WASHINGTON – The nun who is overseeing the Vatican-mandated apostolic visitation of U.S. communities of women religious has expressed “sadness and disappointment” over congregations that have resisted completing the questionnaire that is part of the process.
The apostolic visitation was initiated by Cardinal Franc Rode, prefect of the Vatican’s Congregation for Institutes of Consecrated Life and Societies of Apostolic Life. Announced Jan. 30, 2009, at the Basilica of the National Shrine of the Immaculate Conception in Washington, the apostolic visitation process was opened “in order to look into the quality of life” of U.S. congregations of women religious.
The study covers nearly all of the country’s 67,000 sisters. Only those nuns who live in cloisters are exempt.
In a letter dated Jan. 12 and addressed to women religious, Mother Mary Clare Millea – who is overseeing the study of 341 congregations as apostolic visitator – reported on her recent trip to Rome, her visit with Cardinal Rode and her concerns about the response to the questionnaire. She urged those who have not responded to do so.
“The cardinal was pleased to hear about the wholehearted and genuine responses of many congregations to the questionnaire,” said Mother Clare, who is superior general of the Apostles of the Sacred Heart of Jesus. “However, I also shared with him my sadness and disappointment that not all congregations have responded to this phase of dialogue with the church in a manner fully supportive of the purpose and goals of the apostolic visitation.
“He encouraged me to ask those who have not yet fully complied to prayerfully reconsider their response. I take this opportunity, then, to once again invite all major superiors who have not responded fully to the questionnaire to do so,” she added.
In a Jan. 27 e-mail to Catholic News Service, Mother Clare said her intent in the letter was to “invite those who responded inadequately” to re-evaluate their response to the questionnaire and the apostolic visitation process.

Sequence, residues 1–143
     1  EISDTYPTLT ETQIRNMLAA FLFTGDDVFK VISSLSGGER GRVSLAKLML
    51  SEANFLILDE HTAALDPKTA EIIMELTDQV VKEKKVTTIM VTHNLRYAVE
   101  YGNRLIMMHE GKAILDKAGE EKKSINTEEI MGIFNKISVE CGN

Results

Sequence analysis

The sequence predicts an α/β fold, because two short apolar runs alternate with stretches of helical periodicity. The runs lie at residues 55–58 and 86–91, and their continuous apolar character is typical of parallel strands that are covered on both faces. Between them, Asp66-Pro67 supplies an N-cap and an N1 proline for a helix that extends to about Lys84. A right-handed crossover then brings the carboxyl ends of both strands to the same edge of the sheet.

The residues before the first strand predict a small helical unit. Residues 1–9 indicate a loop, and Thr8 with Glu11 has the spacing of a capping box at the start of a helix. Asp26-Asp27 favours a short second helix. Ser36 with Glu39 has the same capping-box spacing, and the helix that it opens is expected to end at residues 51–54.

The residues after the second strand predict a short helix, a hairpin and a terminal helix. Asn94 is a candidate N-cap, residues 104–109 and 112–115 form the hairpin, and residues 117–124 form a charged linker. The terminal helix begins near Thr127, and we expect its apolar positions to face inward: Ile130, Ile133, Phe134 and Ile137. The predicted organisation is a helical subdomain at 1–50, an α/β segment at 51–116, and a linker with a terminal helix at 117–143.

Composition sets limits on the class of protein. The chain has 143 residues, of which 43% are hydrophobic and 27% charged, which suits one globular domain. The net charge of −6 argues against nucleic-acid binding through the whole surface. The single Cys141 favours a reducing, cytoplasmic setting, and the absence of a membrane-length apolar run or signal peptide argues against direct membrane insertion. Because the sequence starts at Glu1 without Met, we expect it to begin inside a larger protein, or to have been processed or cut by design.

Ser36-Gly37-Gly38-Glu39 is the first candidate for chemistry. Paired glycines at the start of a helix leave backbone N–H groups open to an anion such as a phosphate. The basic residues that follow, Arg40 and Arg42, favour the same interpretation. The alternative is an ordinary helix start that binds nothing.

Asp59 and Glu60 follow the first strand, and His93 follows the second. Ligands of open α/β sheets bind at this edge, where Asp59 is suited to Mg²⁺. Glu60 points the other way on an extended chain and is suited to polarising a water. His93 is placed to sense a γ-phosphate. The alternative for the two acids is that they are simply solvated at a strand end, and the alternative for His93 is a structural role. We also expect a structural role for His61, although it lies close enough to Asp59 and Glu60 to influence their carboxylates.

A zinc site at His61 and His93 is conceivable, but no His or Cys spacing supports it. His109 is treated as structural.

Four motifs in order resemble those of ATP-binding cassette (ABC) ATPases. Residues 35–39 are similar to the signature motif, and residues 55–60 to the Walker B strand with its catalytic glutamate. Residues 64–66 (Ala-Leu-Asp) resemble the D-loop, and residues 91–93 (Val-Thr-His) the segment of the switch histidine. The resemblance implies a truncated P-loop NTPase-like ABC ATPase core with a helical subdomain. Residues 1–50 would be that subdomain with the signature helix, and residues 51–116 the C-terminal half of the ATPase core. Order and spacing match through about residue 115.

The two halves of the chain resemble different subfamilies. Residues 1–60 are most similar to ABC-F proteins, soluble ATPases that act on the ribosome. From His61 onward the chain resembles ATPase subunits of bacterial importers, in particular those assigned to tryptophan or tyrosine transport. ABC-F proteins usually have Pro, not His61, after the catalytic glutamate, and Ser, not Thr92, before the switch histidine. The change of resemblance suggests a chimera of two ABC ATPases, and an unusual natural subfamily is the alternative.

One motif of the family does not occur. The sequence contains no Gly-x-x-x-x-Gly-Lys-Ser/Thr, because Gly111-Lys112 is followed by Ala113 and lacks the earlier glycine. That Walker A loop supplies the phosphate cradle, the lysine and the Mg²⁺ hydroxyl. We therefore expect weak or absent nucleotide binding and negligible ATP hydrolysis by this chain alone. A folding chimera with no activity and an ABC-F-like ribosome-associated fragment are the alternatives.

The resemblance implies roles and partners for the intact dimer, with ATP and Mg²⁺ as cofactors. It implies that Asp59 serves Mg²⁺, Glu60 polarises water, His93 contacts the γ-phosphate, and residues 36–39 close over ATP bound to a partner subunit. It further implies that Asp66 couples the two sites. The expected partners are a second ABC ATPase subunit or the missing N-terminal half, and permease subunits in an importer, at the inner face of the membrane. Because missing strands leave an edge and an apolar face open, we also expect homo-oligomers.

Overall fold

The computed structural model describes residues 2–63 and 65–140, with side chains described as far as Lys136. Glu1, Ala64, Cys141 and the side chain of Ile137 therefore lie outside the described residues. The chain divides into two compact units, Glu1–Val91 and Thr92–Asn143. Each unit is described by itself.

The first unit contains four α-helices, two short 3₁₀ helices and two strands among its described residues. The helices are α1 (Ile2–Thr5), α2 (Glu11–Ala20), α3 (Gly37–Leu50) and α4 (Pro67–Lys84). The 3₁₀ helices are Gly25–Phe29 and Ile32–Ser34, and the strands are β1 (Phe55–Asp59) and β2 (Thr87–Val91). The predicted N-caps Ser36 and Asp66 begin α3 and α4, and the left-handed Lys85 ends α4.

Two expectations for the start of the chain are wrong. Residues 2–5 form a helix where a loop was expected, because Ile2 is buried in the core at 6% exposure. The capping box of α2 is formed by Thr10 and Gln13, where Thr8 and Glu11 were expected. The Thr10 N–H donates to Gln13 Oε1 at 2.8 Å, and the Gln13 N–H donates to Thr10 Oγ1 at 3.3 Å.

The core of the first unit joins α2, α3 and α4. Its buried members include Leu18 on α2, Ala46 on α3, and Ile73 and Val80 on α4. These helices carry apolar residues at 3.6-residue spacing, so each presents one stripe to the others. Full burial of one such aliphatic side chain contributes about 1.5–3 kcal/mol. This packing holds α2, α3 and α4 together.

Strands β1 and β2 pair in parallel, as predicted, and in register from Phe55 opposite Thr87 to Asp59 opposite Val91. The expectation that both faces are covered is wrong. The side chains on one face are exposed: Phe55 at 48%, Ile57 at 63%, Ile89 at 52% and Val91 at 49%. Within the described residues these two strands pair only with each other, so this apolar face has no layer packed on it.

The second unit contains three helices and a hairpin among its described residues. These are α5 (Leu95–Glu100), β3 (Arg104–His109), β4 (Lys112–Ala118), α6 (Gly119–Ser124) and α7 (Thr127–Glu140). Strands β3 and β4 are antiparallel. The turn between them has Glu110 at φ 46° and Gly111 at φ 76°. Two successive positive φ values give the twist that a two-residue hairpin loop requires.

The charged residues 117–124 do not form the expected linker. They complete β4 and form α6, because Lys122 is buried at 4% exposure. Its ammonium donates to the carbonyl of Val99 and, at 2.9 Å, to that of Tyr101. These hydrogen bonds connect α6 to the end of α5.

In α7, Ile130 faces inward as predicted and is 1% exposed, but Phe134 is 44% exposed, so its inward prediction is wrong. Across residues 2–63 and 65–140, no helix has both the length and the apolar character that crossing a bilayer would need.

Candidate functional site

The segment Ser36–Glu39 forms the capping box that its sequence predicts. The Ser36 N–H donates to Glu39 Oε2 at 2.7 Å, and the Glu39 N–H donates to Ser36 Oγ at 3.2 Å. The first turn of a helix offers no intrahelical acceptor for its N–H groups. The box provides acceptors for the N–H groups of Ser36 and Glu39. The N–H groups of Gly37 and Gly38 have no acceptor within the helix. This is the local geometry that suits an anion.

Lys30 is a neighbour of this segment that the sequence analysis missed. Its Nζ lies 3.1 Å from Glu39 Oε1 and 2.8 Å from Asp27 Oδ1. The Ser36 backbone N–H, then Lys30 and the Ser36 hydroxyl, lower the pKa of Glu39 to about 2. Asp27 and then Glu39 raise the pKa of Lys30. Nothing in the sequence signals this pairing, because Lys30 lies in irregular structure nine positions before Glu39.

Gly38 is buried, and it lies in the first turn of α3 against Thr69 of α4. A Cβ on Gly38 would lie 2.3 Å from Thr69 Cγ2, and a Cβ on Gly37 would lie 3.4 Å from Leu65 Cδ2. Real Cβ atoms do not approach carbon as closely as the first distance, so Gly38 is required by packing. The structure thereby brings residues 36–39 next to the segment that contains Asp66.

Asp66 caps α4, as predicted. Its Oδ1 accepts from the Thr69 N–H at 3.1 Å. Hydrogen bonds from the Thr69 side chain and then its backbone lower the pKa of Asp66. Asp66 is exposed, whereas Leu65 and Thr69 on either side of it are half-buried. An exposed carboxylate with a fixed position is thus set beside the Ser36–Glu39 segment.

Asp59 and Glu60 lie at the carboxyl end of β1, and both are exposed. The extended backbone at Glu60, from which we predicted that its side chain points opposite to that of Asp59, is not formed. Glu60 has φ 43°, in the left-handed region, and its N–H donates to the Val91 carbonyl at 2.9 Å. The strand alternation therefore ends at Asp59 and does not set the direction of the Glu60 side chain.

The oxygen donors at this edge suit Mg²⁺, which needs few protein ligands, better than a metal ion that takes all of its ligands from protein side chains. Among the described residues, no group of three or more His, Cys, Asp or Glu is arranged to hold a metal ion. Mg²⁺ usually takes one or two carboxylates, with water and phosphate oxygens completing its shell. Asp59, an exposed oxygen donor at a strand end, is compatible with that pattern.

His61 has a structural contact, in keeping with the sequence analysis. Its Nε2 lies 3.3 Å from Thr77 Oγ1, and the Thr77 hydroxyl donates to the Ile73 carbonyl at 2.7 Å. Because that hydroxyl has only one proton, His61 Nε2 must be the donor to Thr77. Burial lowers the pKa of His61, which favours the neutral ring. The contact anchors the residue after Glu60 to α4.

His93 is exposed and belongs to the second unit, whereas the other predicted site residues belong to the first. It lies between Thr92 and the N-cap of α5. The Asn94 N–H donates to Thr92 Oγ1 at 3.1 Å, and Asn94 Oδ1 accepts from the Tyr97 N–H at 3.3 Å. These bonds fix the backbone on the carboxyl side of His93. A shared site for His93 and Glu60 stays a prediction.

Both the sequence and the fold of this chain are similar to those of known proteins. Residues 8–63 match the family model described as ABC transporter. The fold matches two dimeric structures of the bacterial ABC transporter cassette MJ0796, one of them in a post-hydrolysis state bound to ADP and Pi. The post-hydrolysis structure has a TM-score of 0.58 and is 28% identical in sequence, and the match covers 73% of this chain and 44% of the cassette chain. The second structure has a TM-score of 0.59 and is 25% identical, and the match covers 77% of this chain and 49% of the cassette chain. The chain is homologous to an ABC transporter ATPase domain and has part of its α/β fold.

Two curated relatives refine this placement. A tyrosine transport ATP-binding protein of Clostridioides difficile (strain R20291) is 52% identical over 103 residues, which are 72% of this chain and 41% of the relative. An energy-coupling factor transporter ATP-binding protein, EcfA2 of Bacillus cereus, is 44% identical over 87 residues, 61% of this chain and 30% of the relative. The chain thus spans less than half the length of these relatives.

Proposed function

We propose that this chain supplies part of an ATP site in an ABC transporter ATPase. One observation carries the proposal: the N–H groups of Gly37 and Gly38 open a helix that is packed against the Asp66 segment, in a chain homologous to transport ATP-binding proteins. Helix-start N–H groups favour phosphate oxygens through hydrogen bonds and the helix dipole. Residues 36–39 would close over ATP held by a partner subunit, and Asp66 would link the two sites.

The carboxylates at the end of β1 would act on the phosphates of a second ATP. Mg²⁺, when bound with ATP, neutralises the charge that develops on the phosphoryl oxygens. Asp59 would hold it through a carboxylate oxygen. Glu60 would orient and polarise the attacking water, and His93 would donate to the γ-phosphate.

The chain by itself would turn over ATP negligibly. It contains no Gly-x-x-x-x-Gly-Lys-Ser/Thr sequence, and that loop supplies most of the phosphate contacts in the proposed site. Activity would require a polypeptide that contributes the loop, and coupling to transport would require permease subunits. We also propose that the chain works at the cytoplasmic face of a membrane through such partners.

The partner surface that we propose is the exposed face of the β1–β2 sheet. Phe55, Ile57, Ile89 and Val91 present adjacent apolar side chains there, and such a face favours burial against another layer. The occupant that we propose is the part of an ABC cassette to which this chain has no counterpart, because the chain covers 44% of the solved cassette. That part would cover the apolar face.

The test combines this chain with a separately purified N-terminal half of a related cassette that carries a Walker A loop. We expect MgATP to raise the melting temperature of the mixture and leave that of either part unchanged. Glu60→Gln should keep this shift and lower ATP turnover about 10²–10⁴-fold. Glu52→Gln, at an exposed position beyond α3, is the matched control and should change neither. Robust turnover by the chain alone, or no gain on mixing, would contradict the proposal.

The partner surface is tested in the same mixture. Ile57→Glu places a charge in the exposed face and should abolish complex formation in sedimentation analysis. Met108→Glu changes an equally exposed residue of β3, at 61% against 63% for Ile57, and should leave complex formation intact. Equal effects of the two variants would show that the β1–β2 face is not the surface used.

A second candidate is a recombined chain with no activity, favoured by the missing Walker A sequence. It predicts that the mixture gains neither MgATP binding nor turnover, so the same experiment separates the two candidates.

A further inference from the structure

“More than just an obligation, cooperation with the apostolic visitation may be viewed as an opportunity and a privileged means for religious to share their hopes, strengths and struggles,” she said.
Last year the announcement of the visitation took many religious communities by surprise and was met with numerous questions about its purpose. Little information about what prompted the Vatican congregation to order the study and why the U.S. was singled out was released at the time of its announcement.
About 10 months later Cardinal Rode said on Vatican Radio that the investigation was a response to concerns regarding “some irregularities or omissions in American religious life. Most of all, you could say, it involves a certain secular mentality that has spread in these religious families and perhaps, also a certain ‘feminist’ spirit.”
Some nuns have told the news media they are distrustful of the visitation and don’t intend to fully cooperate with the investigation.
Franciscan Sister Elizabeth Ohmann, who works for a lobbying group called Humane Borders, told the Arizona Daily Star that she believes the Vatican is targeting congregations that disagree with some aspects of Catholic teaching, particularly on sexuality.
An online discussion group has been started on Yahoo where women religious who “see the value and necessity of the apostolic visitation at this time in this country” can communicate with each other, anonymously if they wish.
The visits – slated to begin this spring – will mark the start of the third phase of the apostolic visitation.
The second phase began in September 2009, when questionnaires were sent to the religious communities. The orders had until Nov. 20 to respond, but responses continued to be received at the visitation office in Hamden, Conn., in December, Mother Clare wrote in an e-mail to CNS.
The three-part questionnaire sought information related to congregational membership, living arrangements, the ministries in which members participate, spiritual life, including the practice of prayer and the frequency of Mass attendance, and the promotion of vocations.
After concerns were raised by several congregations about the information being requested in one part of the questionnaire, Mother Clare, with the approval of Cardinal Rode, decided to drop three questions, covering membership, financial data and properties the congregations owned or sponsored.
Completed questionnaires go to the apostolic visitation office in Hamden, Conn., and the answers will be used to determine which religious communities will be visited by teams of apostolic representatives this spring.
Sister Mary Waskowiak, president of the Maryland-based Sisters of Mercy of the Americas, told The Associated Press that several sisters told her they left some sections of the questionnaire blank, and others said they just sent the Vatican copies of their constitutions.
Once the study concludes in mid-2011, a confidential report will be sent to Cardinal Rode, but its findings will not be made public, Mother Clare said.